Tonka has been a bit balky lately. Instead of moving willingly forward from my leg, he’s been hesitating. I questioned whether the physical exertion that I was asking for was reasonable. It seemed to be. Tonka would work out of it, and I kept riding. On Friday we went for a four mile walk down the road and into the woods. He was sound as a bell. But when I asked for a trot, everything changed. He put his nose in the air and slowed. Was his back sore? A return of the neck issue? Tonka was telling me something. On Saturday he escalated the message. He happily walked off under saddle, but as soon as I asked for a trot he didn’t just hesitate, he stopped. He wouldn’t go forward, or backwards. Or sideways. A firmer squeeze with my legs and Tonka let me know that he’d rather go up than onward. Perhaps it was me, or the saddle. Would he trot at liberty? No, Tonka was angry at being asked to move.
This behavior is often called nappy or disobedient. I thought it was something else. I called the veterinarian.
She came out on Monday morning. She checked his hooves. Tonka has flat, thin soles, and was a tad ouchy. A shoeing change is in order, but that’s not what’s causing the pinned ears and wrinkled nose. She checked his neck and back, which were fine. I tacked up and got on. Tonka walked out happily. Then I asked him to trot and he wouldn’t budge. Tonka couldn’t have communicated exactly when things felt wrong any more clearly than that.
The likely cause is ulcers. The lining of a horse’s stomach doesn’t extend all the way up the sides or on the top. When a horse trots, the stomach acids slosh on unprotected walls and if that tissue is damaged, it can be painful. Many horses (an estimated 60% of performance horses) have ulcers. Most go undiagnosed. Some owners say that their horses are crabby. Some owners say their horses are stoic and never show pain, and they’re proud of that. I think that horses should be listened to.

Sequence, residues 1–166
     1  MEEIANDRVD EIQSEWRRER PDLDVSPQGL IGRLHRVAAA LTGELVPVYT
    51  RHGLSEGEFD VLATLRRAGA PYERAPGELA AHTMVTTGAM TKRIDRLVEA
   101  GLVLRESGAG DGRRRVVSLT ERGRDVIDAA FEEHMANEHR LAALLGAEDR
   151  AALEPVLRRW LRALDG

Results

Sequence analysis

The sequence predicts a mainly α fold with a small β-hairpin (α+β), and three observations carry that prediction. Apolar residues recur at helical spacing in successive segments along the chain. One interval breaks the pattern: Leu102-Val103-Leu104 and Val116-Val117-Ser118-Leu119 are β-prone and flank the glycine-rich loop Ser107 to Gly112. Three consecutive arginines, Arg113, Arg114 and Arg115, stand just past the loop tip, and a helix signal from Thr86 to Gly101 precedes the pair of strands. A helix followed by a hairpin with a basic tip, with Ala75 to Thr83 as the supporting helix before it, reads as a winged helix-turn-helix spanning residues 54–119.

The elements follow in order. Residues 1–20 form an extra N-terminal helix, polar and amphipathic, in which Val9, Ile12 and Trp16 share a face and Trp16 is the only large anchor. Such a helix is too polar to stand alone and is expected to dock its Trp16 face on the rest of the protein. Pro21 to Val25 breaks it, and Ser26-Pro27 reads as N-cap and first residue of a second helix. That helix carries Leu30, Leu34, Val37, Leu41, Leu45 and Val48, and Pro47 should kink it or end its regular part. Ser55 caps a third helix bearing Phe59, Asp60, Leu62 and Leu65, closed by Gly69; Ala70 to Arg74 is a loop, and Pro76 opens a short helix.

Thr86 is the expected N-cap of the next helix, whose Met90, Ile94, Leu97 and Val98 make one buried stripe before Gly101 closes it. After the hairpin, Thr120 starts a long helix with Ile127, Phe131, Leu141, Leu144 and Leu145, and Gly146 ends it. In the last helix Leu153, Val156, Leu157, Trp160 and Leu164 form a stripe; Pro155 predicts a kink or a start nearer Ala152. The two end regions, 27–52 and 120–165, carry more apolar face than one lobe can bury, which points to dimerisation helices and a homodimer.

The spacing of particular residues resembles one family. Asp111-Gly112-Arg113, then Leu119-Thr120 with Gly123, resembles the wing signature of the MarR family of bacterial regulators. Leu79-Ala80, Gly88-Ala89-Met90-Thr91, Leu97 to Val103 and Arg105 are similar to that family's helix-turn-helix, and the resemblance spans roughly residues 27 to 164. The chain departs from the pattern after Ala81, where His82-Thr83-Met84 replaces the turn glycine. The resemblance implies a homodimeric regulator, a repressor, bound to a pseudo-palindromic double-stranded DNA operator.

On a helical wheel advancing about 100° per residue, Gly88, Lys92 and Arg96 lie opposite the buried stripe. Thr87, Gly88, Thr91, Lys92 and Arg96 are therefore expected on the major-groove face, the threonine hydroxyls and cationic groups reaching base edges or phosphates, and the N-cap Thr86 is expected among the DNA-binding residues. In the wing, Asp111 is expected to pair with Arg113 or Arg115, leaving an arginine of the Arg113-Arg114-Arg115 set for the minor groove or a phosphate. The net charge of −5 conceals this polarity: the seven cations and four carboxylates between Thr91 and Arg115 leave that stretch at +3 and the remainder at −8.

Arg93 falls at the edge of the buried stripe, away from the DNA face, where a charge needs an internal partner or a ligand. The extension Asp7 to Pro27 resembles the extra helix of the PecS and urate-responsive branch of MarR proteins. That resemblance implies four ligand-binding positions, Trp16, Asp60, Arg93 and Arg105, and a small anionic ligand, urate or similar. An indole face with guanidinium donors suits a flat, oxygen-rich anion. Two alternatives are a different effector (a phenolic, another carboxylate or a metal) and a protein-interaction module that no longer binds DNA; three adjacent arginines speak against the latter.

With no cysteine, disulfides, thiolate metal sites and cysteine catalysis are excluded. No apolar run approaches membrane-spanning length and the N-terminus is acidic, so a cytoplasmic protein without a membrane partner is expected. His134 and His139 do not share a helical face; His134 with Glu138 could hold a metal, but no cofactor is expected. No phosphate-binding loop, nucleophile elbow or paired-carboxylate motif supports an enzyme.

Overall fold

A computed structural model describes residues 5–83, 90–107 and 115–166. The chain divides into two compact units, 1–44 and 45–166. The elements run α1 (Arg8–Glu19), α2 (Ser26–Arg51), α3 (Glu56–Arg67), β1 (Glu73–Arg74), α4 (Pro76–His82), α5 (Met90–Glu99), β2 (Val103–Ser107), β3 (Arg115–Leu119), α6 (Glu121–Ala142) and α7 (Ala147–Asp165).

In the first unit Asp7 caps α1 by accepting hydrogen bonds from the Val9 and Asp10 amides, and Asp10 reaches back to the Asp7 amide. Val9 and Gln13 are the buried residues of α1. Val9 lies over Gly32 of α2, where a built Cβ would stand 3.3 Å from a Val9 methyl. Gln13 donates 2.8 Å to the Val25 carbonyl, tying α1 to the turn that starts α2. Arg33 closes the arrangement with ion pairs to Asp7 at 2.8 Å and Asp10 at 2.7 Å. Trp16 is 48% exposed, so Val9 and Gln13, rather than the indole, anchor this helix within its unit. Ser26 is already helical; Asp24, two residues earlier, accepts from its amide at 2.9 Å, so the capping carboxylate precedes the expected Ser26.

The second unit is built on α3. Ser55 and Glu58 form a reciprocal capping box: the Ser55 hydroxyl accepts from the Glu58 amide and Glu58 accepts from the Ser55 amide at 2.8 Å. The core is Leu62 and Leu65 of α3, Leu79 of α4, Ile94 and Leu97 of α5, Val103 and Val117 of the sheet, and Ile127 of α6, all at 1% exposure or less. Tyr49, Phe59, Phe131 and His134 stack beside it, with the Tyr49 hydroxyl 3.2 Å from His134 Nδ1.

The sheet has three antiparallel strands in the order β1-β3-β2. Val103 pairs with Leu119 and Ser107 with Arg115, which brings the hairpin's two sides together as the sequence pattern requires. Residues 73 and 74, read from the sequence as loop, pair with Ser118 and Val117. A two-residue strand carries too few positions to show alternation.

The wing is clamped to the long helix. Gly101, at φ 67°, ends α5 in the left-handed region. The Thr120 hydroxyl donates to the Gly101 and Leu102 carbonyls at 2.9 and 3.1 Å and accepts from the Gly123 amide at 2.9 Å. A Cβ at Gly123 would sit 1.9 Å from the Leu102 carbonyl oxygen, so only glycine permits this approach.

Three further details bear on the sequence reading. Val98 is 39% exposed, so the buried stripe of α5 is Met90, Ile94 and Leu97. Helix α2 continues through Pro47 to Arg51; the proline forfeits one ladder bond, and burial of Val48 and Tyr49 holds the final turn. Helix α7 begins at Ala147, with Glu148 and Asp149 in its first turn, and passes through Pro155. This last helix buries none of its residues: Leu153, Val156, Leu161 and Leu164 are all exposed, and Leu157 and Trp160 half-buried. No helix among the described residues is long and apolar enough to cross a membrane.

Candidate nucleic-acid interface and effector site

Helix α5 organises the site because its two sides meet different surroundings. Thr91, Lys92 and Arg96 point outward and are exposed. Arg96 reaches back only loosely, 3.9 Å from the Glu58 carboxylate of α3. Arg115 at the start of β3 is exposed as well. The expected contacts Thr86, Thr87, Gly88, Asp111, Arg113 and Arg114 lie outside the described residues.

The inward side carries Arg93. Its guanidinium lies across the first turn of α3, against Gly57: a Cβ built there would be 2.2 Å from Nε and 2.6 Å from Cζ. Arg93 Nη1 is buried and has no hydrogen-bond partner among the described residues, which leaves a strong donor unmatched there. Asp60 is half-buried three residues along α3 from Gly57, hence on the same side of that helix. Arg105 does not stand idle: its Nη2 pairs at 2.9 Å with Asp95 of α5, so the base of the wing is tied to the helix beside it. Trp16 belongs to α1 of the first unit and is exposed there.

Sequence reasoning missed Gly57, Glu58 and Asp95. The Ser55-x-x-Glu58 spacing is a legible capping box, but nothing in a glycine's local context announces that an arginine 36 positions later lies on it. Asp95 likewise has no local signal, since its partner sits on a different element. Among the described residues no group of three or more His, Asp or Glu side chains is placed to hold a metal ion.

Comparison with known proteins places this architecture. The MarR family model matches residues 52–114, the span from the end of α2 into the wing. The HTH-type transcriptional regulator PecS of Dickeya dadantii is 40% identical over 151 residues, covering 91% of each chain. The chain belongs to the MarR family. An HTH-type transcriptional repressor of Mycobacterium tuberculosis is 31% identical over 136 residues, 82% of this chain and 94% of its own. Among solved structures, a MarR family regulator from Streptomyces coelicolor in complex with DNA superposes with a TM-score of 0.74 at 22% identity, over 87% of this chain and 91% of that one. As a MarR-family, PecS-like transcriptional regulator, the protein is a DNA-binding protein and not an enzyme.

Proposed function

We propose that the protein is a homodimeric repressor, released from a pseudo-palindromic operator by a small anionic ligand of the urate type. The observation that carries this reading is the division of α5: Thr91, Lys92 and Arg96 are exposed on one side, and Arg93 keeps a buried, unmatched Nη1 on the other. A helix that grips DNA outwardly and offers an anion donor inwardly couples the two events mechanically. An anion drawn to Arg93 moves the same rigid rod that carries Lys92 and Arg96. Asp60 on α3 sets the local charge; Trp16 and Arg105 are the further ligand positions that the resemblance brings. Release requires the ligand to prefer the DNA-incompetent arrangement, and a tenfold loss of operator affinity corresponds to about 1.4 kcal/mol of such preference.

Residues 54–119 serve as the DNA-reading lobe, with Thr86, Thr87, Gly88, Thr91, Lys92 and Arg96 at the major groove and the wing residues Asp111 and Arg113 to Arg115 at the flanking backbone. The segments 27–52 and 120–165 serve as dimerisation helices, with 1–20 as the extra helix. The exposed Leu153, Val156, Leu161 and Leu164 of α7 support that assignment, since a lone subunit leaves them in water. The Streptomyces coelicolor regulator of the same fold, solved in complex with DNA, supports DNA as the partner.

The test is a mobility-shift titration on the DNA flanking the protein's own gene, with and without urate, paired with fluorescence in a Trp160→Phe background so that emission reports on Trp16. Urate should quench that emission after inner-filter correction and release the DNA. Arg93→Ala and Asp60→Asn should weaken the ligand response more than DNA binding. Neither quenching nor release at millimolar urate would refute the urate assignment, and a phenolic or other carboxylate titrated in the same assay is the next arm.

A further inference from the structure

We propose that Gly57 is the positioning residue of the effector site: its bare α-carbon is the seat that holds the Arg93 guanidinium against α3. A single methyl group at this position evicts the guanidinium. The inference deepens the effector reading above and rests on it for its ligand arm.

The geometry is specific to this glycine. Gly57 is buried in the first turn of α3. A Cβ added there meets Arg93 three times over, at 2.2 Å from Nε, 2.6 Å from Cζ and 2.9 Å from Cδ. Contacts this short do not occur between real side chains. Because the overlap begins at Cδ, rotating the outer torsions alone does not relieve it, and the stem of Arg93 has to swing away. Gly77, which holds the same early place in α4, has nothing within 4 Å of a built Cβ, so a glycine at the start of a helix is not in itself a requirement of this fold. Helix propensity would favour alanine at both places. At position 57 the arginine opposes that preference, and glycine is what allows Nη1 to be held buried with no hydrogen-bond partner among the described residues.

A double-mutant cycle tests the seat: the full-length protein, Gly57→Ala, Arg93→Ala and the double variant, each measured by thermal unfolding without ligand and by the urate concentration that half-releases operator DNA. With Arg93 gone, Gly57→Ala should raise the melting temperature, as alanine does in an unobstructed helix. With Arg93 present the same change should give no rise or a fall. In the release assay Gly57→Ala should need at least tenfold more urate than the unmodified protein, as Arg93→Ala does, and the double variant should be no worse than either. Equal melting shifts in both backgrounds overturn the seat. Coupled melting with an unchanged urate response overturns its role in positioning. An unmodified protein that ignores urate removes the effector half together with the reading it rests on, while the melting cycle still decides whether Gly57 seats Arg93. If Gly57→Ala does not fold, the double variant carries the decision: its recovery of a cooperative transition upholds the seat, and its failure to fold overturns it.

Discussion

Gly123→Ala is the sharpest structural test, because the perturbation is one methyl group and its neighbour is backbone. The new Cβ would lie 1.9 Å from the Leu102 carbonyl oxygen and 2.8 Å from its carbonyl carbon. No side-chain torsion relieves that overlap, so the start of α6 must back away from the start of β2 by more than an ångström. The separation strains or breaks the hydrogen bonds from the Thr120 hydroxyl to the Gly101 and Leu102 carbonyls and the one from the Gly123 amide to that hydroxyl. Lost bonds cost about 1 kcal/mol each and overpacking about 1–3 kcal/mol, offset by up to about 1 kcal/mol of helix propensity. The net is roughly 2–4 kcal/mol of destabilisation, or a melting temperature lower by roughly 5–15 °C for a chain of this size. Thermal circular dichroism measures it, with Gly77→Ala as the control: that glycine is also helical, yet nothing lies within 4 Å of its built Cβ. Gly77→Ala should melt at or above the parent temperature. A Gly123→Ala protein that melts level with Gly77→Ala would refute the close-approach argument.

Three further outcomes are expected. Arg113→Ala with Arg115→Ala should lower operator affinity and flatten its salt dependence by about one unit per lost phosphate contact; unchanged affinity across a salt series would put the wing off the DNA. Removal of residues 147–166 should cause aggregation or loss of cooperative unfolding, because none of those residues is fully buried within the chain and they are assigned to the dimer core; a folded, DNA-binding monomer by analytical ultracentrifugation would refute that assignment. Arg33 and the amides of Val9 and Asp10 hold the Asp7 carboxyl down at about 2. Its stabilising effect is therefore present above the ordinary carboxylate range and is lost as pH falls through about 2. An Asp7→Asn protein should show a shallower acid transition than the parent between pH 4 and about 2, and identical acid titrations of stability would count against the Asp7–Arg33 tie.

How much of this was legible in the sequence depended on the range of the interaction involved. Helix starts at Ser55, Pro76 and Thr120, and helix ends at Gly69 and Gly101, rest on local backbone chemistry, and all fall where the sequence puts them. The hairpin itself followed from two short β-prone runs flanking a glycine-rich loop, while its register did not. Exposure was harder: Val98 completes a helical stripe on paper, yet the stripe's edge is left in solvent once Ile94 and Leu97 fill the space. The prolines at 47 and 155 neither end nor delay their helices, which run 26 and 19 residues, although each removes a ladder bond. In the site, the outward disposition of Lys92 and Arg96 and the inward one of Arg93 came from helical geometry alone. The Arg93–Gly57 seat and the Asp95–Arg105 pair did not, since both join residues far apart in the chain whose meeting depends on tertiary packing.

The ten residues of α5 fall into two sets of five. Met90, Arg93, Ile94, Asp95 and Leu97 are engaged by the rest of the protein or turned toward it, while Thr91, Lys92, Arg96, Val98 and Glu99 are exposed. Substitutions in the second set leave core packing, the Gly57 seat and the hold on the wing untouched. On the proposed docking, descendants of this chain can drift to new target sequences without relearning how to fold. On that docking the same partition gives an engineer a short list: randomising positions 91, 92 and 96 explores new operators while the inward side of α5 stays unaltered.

Tonka is used to me paying attention to what he says. I’m sorry that he had to escalate the message this loudly before I understood it.
There are definitive diagnostic tests for ulcers, but the least invasive thing to do is to start Tonka on the
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Monday was a very long day. Due to a mix-up (which I won’t get into here, as the person involved feels bad enough already), Tonka was at risk for colic. He was uncomfortable and gassy and not hungry. Colic can be lethal, and even such mild symptoms are a cause for concern. When he was still not himself that evening, we went for a moonlit stroll. The stars and a sliver of moon were out. Tonka grazed and walked, and felt better by midnight. If I hadn’t been so worried, this time out in the dark on a beautiful late summer night would have been a treat.
He had more grazing time on Tuesday.
By afternoon, Tonka was back to his cheerful self. We’ll see what he has to tell me today.
Hope the meds work quickly and Tonka is soon back to his happy and healthy self.
Tonka is so beautiful and so lucky to have you always listening to him. Hope all is well soon.
I may be way off, but what about that plant you mentioned in a blog a while ago, I can’t remember what it was, but you said you would let him eat just a little of it because it could cause some undesirable side effects if a lot was eaten? He has had a lot going on for him this past year, his physical problems and then also moving to a new place. Hope you will find the cause of his problems soon. Such a worry.
I know you’ll keep at it until you’ve sorted what’s ailing him. He’s lucky to have you. Luckily, his condition still looks great, so he’s obviously getting his nutritional needs met, which can be a disturbing side effect of undiagnosed ulcers. I can’t even count how many horses over the years I’ve hand walked through the night, fearing or treating colic and their owners were nonplussed, believing “Oh, he’ll be alright, I’m heading home now…” Again, he’s very lucky to have you. My thoughts are with you, Terry. When your boy’s not himself, neither can you be. Good luck Terry & Tonka!
Good luck with Tonka Terry! I still purchase one of the Succeed Fecal Blood Test to see if my boy has ulcers. It is pretty darn accurate. He has had them in the past, but is still exhibiting same signs as your boy. I get it from my vet.
The ulcer meds didn’t change things; we are now trying hind gut meds. They’re complicated animals!
What type of Hind Gut meds? Thanks Terry.